- Original article
- Open Access
Internal jugular vein distensibility variation and inferior vena cava collapsibility variation with fluid resuscitation as an indicator for fluid management in spontaneously breathing septic patients
Ain-Shams Journal of Anesthesiology volume 14, Article number: 26 (2022)
Sepsis is one of the leading causes of death in ICU patients. Fluid resuscitation is the main target in septic patients. Proper fluid administration is needed in septic patients to overcome generalized vasodilatation and capillary leak, this capillary leak itself may cause tissue edema and worsen septic patients. On the other hand, vasopressors may improve tissue perfusion or worsen tissue hypoxia. Therefore, predictors for fluid responsiveness are urgently needed. However, many studies have found static indicators useless. That is why dynamic predictors for fluid responsiveness are attracting growing interest to optimize patients.
Our goal is to assess the predictive power of internal jugular vein distensibility index and inferior vena cava collapsibility index for fluid responsiveness in spontaneously breathing septic patients.
Forty adult septic patients were enrolled from a single university teaching hospital’s ICU. We measured the Internal jugular distensibility index (IJV-DI) and Inferior vena cava collapsibility index (IVC-CI) in spontaneously breathing septic patients. Patients were considered responders if they had a change in cardiac index (≥ 15%) after fluid resuscitation with 7 ml/kg crystalloid. The main outcome measure is predictive power of Internal jugular vein distensibility index and Inferior vena cava collapsibility index.
Data from 40 spontaneously breathing septic patients were analyzed. Sixty percent of the patients were fluid responder. The areas under curve of receiver operating characteristic for Internal jugular vein distensibility index and Inferior vena cava collapsibility index to predict fluid responsiveness were 0.96 and 0.97, respectively. IJV-DI (> 17.56%) was predictive of fluid responsiveness with 95.83% sensitivity and 87.5% specificity. IVC-CI (> 35%) was predictive of fluid responsiveness with 95.8% sensitivity and 93.7% specificity.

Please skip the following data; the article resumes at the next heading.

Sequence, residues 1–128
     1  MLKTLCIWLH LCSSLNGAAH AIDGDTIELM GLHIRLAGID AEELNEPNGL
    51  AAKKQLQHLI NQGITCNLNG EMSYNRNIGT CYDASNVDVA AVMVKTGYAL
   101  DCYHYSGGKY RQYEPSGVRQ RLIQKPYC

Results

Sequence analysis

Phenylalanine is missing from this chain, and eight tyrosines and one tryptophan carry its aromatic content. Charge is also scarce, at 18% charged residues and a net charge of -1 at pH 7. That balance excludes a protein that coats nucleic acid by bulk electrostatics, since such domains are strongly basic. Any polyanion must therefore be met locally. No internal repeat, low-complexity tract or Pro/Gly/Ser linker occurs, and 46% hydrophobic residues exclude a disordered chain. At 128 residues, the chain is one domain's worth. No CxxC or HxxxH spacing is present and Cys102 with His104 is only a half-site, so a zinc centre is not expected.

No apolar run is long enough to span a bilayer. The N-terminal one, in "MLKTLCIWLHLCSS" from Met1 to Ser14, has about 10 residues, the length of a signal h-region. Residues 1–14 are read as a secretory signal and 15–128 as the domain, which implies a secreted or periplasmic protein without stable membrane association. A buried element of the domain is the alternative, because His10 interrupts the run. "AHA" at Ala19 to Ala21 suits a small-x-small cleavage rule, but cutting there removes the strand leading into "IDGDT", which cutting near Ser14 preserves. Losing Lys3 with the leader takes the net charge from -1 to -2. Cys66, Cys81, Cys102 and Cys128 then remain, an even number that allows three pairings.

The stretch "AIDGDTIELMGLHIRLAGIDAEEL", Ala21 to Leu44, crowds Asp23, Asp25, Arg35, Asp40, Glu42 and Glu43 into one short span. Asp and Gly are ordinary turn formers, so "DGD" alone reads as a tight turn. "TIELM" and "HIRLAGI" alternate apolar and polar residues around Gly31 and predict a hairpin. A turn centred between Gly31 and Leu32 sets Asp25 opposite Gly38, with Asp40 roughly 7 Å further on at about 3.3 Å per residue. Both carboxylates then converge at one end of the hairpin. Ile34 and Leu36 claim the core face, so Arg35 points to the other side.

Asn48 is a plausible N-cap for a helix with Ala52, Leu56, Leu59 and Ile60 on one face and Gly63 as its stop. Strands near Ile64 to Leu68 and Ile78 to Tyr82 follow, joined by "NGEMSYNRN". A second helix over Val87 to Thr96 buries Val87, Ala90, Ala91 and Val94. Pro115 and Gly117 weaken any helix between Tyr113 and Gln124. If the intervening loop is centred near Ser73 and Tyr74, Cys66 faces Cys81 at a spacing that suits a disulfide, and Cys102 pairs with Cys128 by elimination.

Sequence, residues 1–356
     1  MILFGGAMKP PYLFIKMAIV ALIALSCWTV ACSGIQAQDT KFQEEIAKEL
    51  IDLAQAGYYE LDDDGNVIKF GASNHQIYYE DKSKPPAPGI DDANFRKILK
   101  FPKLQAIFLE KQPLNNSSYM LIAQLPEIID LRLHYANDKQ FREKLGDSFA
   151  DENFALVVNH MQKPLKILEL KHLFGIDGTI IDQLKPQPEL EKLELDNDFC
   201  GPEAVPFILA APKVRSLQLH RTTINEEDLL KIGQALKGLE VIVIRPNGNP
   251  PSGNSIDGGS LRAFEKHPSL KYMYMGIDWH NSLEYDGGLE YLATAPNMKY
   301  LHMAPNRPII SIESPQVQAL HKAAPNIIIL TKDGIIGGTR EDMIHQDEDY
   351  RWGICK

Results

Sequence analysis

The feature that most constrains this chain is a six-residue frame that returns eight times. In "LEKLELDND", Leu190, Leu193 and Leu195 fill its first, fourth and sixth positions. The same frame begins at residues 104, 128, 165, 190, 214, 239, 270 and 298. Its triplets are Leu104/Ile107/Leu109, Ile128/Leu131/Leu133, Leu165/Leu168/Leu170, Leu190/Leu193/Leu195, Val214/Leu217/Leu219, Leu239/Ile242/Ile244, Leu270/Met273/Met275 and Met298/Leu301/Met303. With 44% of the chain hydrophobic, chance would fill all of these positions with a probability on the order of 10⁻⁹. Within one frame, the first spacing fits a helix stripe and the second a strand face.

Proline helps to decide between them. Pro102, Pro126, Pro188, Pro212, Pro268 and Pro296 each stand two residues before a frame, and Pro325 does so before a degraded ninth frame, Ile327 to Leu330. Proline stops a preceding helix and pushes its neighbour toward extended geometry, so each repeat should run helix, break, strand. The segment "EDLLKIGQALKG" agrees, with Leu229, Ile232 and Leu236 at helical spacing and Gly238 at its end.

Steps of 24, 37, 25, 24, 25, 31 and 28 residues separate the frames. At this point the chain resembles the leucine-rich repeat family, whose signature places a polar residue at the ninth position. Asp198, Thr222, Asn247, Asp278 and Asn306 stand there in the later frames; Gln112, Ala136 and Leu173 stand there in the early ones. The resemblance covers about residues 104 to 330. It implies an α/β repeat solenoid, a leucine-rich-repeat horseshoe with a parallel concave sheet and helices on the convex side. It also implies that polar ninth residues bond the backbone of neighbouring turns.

Both IJV-DI and IVC-CI have near good predictive value for fluid responsiveness in spontaneously breathing septic patients.
Sepsis is one of the leading causes of death in ICU patients. The main target in septic patients is fluid resuscitation, but optimal fluid resuscitation for each patient is the true question. Proper fluid administration is needed in septic patients to overcome generalized vasodilatation and capillary leak; this capillary leak itself may cause tissue edema and worsen septic patients (Sakr et al., 2017). Vasopressors may be needed to overcome this crucial vasodilatation, but they may also cause tissue hypoperfusion and hypoxia (Wiedemann et al., 2006).
Improving oxygen delivery and hemodynamic optimization by intravenous fluids is a cornerstone in treating septic patients. However, if not monitored, it may be useless or even harmful. This emphasizes the need for an approach to assess who will benefit from fluid administration (Cumpstey et al., 2020).